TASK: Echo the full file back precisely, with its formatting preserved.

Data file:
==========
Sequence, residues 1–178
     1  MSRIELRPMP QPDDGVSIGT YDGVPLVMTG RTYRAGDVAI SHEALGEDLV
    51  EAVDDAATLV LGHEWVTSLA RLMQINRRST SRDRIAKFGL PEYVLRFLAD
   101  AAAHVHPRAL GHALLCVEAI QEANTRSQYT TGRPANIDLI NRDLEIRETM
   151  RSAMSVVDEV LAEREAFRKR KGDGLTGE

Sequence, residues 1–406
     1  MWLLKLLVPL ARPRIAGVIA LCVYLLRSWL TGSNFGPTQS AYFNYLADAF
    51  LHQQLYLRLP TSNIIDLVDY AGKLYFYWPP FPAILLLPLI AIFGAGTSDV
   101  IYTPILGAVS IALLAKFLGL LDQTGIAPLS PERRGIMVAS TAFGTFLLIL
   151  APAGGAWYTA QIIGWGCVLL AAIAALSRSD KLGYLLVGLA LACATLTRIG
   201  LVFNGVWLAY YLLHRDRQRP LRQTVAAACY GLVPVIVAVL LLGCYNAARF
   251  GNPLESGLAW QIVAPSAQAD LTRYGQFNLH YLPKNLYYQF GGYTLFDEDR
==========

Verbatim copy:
Sequence, residues 1–178
     1  MSRIELRPMP QPDDGVSIGT YDGVPLVMTG RTYRAGDVAI SHEALGEDLV
    51  EAVDDAATLV LGHEWVTSLA RLMQINRRST SRDRIAKFGL PEYVLRFLAD
   101  AAAHVHPRAL GHALLCVEAI QEANTRSQYT TGRPANIDLI NRDLEIRETM
   151  RSAMSVVDEV LAEREAFRKR KGDGLTGE

Sequence, residues 1–406
     1  MWLLKLLVPL ARPRIAGVIA LCVYLLRSWL TGSNFGPTQS AYFNYLADAF
    51  LHQQLYLRLP TSNIIDLVDY AGKLYFYWPP FPAILLLPLI AIFGAGTSDV
   101  IYTPILGAVS IALLAKFLGL LDQTGIAPLS PERRGIMVAS TAFGTFLLIL
   151  APAGGAWYTA QIIGWGCVLL AAIAALSRSD KLGYLLVGLA LACATLTRIG
   201  LVFNGVWLAY YLLHRDRQRP LRQTVAAACY GLVPVIVAVL LLGCYNAARF
   251  GNPLESGLAW QIVAPSAQAD LTRYGQFNLH YLPKNLYYQF GGYTLFDEDR